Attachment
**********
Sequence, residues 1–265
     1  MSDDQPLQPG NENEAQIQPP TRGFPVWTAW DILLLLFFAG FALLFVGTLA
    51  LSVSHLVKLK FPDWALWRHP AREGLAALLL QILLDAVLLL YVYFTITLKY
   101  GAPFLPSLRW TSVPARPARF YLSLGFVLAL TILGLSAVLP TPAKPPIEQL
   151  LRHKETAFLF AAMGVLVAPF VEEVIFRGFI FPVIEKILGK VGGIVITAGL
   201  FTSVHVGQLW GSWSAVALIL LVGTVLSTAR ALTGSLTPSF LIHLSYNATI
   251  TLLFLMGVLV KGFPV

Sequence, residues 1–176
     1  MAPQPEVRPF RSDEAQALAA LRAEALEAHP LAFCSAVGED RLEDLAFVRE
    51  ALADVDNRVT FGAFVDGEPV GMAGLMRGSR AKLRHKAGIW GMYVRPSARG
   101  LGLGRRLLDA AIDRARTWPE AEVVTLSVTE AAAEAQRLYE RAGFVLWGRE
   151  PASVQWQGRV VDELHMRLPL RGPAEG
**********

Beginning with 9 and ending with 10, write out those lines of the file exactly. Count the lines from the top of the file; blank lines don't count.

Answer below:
     1  MAPQPEVRPF RSDEAQALAA LRAEALEAHP LAFCSAVGED RLEDLAFVRE
    51  ALADVDNRVT FGAFVDGEPV GMAGLMRGSR AKLRHKAGIW GMYVRPSARG